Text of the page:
Viii Surprise Search in Generated Mazes
In the previous sections we showed the power of surprise search in four selected instances of deceptive problems. While surprise search outperforms novelty and objective search both in terms of efficiency and robustness in four humandesigned mazes, an important concern is whether these results are general enough across a broader set of problems.
In order to assess how surprise search generalises in any maze navigation task, we follow the methodology presented in [49] and test the performance of surprise, novelty and objective search as well as the baselines across numerous mazes generated through an automated process. Moreover, the parameters of and which were finetuned for the problem at hand in each maze of Section VII are now kept the same, enabling us to observe if a particular parameter setup for surprise search can perform well in unseen problems of varying complexity.
Viiia Experiment Description
To compare the capabilities in navigation policies of surprise, novelty and objective search in increasingly complex maze problems, we test their performance against 60 randomly generated mazes. These mazes are created by a recursive division algorithm [50], which starts from an empty maze and divides it into two areas by adding a vertical or a horizontal wall with a randomly located hole in it. This process is repeated until no areas can be further subdivided, because doing so would make the maze untraversable or because a maximum number of subdivisions is reached. In this experiment, the starting position and the ending position of the maze have been fixed in the lower left and upper right corner respectively, while the generated mazes have a number of subdivisions chosen randomly between 2 and 6. These values have been chosen empirically to avoid generating mazes that are too easy (solvable by all three methods in few generations) or impossible to solve (because of too many subdivisions). Examples of the mazes generated are shown in Fig. 8. The parameters of surprise search and novelty search are fixed based on wellperforming setups with mazes of Section VII: surprise search uses and (used in the very hard maze) and novelty uses (used in medium, hard and very hard mazes). Each generated maze was tested 50 times for each of three methods, measuring the number of successes (i.e. once the agent reaches the goal) in each maze. The number of simulation timesteps is set to and the number of generations to .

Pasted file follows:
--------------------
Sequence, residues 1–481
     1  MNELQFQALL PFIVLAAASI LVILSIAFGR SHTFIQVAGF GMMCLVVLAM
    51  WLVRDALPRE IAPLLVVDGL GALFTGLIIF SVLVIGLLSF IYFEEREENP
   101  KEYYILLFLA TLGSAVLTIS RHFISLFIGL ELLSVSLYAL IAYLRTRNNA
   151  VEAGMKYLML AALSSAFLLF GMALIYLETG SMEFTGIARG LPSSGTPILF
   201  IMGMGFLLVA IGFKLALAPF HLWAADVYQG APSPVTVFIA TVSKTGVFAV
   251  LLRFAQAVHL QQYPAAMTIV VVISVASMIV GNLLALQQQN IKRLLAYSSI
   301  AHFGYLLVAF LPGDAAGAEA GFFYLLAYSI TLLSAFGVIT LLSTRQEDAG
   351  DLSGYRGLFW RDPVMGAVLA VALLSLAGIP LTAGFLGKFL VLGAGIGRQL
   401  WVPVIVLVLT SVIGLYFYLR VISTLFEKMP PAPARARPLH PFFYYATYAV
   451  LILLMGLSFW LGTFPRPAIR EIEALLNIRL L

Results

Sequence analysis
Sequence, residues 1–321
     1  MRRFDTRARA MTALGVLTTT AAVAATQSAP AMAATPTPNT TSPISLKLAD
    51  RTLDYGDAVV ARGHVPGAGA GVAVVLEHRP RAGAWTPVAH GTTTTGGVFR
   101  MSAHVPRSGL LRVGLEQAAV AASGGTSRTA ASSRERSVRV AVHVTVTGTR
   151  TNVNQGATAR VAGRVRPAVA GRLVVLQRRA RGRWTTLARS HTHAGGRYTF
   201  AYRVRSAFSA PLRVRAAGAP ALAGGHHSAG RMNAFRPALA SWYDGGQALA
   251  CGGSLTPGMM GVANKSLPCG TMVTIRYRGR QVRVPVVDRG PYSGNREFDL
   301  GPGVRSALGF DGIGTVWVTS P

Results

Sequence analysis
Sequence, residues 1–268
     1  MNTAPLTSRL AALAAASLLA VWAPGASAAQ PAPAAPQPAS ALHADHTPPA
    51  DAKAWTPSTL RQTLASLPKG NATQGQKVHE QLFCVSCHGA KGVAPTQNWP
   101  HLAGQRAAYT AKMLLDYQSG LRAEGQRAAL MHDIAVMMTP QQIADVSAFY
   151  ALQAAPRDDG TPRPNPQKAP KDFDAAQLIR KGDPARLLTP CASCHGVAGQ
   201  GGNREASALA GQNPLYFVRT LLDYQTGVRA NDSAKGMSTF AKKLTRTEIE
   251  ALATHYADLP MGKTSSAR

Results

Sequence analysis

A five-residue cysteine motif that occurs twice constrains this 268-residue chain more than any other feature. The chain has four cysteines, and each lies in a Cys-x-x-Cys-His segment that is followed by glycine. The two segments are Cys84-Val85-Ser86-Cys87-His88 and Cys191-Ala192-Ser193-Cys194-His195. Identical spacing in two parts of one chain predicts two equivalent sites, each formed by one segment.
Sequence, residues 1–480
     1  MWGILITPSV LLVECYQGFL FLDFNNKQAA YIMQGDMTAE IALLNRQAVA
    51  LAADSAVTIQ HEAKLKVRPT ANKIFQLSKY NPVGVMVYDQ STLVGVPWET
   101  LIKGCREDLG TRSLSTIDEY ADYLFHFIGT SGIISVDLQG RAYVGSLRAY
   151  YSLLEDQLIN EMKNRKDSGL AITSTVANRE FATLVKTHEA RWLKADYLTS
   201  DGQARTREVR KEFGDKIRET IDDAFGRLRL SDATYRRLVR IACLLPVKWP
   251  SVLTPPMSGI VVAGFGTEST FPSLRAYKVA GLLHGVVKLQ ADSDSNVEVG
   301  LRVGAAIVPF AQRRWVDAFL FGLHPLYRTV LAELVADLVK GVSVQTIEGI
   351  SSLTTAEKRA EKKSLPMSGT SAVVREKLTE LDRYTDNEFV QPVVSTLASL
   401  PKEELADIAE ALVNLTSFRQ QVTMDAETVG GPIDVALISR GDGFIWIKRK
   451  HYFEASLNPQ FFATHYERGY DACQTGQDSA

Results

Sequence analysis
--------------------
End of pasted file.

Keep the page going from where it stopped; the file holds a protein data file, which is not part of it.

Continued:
ViiiB Results